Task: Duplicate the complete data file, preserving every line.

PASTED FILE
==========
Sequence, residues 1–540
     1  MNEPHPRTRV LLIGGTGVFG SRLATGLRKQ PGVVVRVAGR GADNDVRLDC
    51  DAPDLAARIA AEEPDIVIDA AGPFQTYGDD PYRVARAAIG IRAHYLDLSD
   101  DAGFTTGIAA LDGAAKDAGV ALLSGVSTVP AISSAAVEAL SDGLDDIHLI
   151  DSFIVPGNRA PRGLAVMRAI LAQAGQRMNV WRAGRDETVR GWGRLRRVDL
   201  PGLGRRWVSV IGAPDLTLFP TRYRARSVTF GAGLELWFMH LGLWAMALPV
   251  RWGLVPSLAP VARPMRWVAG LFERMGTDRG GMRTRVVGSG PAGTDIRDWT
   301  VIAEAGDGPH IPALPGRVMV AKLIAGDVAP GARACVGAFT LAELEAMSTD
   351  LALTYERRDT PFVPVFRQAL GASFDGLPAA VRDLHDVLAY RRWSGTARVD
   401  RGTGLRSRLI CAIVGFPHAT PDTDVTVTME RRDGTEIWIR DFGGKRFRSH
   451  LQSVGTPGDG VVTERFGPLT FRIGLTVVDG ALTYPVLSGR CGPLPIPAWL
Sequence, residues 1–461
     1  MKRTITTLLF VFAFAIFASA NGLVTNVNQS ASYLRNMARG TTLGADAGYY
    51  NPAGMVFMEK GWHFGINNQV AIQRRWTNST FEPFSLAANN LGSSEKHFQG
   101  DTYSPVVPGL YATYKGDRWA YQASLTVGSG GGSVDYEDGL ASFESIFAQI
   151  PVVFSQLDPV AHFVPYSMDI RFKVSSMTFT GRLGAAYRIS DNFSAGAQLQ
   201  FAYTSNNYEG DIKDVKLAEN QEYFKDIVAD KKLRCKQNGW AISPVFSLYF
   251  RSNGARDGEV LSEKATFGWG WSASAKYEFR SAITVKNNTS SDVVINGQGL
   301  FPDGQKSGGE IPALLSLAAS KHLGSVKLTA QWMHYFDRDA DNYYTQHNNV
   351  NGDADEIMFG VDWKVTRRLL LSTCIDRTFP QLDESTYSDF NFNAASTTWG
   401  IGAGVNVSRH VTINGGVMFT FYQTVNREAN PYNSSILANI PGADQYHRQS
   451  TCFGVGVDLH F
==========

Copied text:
Sequence, residues 1–540
     1  MNEPHPRTRV LLIGGTGVFG SRLATGLRKQ PGVVVRVAGR GADNDVRLDC
    51  DAPDLAARIA AEEPDIVIDA AGPFQTYGDD PYRVARAAIG IRAHYLDLSD
   101  DAGFTTGIAA LDGAAKDAGV ALLSGVSTVP AISSAAVEAL SDGLDDIHLI
   151  DSFIVPGNRA PRGLAVMRAI LAQAGQRMNV WRAGRDETVR GWGRLRRVDL
   201  PGLGRRWVSV IGAPDLTLFP TRYRARSVTF GAGLELWFMH LGLWAMALPV
   251  RWGLVPSLAP VARPMRWVAG LFERMGTDRG GMRTRVVGSG PAGTDIRDWT
   301  VIAEAGDGPH IPALPGRVMV AKLIAGDVAP GARACVGAFT LAELEAMSTD
   351  LALTYERRDT PFVPVFRQAL GASFDGLPAA VRDLHDVLAY RRWSGTARVD
   401  RGTGLRSRLI CAIVGFPHAT PDTDVTVTME RRDGTEIWIR DFGGKRFRSH
   451  LQSVGTPGDG VVTERFGPLT FRIGLTVVDG ALTYPVLSGR CGPLPIPAWL
Sequence, residues 1–461
     1  MKRTITTLLF VFAFAIFASA NGLVTNVNQS ASYLRNMARG TTLGADAGYY
    51  NPAGMVFMEK GWHFGINNQV AIQRRWTNST FEPFSLAANN LGSSEKHFQG
   101  DTYSPVVPGL YATYKGDRWA YQASLTVGSG GGSVDYEDGL ASFESIFAQI
   151  PVVFSQLDPV AHFVPYSMDI RFKVSSMTFT GRLGAAYRIS DNFSAGAQLQ
   201  FAYTSNNYEG DIKDVKLAEN QEYFKDIVAD KKLRCKQNGW AISPVFSLYF
   251  RSNGARDGEV LSEKATFGWG WSASAKYEFR SAITVKNNTS SDVVINGQGL
   301  FPDGQKSGGE IPALLSLAAS KHLGSVKLTA QWMHYFDRDA DNYYTQHNNV
   351  NGDADEIMFG VDWKVTRRLL LSTCIDRTFP QLDESTYSDF NFNAASTTWG
   401  IGAGVNVSRH VTINGGVMFT FYQTVNREAN PYNSSILANI PGADQYHRQS
   451  TCFGVGVDLH F